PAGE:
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McCain Able to Skirt Limits of Federal Financing

Thanks to loopholes in campaign financing and spending rules, Sen. John McCain may benefit from accepting federal funds instead of being limited by the decision.
Thanks to loopholes in campaign financing and spending rules, Sen. John McCain may benefit from accepting federal funds instead of being limited by the decision. (By Jeff Swensen -- Getty Images)

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By Matthew Mosk
Washington Post Staff Writer
Wednesday, September 17, 2008

Democratic presidential nominee Barack Obama put his fundraising machine on display in Beverly Hills last night, tallying more than $9 million at star-studded events that included a $28,500-per-person dinner and a private concert by Barbra Streisand.

Obama's record $66 million haul in August and the money that poured into his campaign last night have helped feed the impression that the senator from Illinois will have a substantial financial advantage over Republican Sen. John McCain (Ariz.) heading into the final weeks of the presidential campaign. But presidential strategists and campaign finance experts expressed surprise yesterday that Obama's decision to become the first presidential nominee to swear off public funding for the general election -- and McCain's decision to finance his bid with a single $84 million infusion from the federal government -- has not given Obama a clear financial edge.

"Senator Obama's advantage is not emerging as people thought," said Lawrence M. Noble, a former Federal Election Commission general counsel and an Obama supporter.

The reason has less to do with Obama's fundraising -- he has now raised $440 million, more than any presidential candidate in history -- than it does with McCain's ability to maneuver within the confines of the Watergate-era funding program, Noble said.

With backing from the Republican National Committee, McCain has taken advantage of loopholes such as "hybrid" television advertisements and joint fundraising committees that may keep him close to financial parity with Obama.

McCain's campaign team has argued privately for months that he would be able to raise enough money to be competitive in the fall, and RNC officials announced earlier this week that the party would enter the general-election period with $110 million in its various accounts. Combined with McCain's federal infusion, the Republican candidate had about $200 million at his disposal. When his total is added to funds held by the Democratic National Committee, Obama began the month with about $94 million at his disposal and the ability to continue raising as much as he can.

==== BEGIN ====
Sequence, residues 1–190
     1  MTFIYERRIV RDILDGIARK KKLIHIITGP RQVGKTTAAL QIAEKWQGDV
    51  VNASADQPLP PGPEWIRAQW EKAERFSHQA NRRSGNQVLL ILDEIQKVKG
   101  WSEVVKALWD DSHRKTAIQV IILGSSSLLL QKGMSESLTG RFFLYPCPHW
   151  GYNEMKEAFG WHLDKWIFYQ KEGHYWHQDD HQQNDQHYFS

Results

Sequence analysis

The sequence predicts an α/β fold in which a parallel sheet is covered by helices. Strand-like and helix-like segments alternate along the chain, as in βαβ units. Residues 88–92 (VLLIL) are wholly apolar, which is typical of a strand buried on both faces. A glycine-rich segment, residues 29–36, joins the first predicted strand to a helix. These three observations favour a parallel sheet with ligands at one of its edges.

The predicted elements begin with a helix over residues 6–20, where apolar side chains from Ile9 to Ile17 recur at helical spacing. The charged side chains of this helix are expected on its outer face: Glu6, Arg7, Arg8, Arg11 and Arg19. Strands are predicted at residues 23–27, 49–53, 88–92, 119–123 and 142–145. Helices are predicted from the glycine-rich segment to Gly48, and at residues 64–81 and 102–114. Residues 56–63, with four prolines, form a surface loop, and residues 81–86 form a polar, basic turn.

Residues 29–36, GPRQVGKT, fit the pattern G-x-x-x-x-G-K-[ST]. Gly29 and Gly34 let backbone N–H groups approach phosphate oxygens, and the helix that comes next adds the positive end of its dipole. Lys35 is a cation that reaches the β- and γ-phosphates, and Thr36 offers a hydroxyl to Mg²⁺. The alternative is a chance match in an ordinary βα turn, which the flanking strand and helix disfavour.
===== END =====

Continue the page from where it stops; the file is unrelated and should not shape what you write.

But publicly, Republicans have not hesitated to cast McCain as being at a disadvantage, and during an appearance yesterday in Vienna, Ohio, the GOP nominee used the occasion to note that his rival's hard-edged comments about McCain and the economy came "just before he flew off to Hollywood for a fundraiser with Barbra Streisand."

"Let me tell you, friends, there's no place I'd rather be than here with the hardworking men and women of Ohio."

While McCain had to stop raising money for his campaign committee after he accepted the GOP nomination in St. Paul, Minn., earlier this month, he has hardly been idle. On Monday night, he helped bring in more than $5 million at a Miami hotel, and his campaign has found ways to both raise money and spend it through coordinated efforts with the RNC. According to Republican sources, money is pouring in to a joint fundraising committee that can legally accept up to $70,000 from a single donor. Contributions made through McCain's Web site have quadrupled in recent days, according to party officials. The site routes potential donors to a separate page that collects money for the joint committee, distributing money to the RNC, state Republican party accounts, and a compliance fund that pays the McCain campaign's legal bills. The message on the site says, "The best way to help our campaign is to give to McCain-Palin Victory 2008."

Joint committees are not new. But the way the McCain campaign is using them, in the view of some election lawyers, makes it hard for donors to tell the difference between a contribution to the joint fund and a donation directly to McCain's campaign.

"One cute issue lurking within all of this joint fundraising is whether campaigns are getting away with having people basically give to party committees what technically is money earmarked to help a particular candidate," said Scott Thomas, a former FEC chairman.

Under FEC rules, Thomas explained, the party cannot tell donors that contributions will be used expressly to help a single candidate. That practice, called earmarking, would circumvent contribution limits and, in this case, the prohibition on McCain raising private money.


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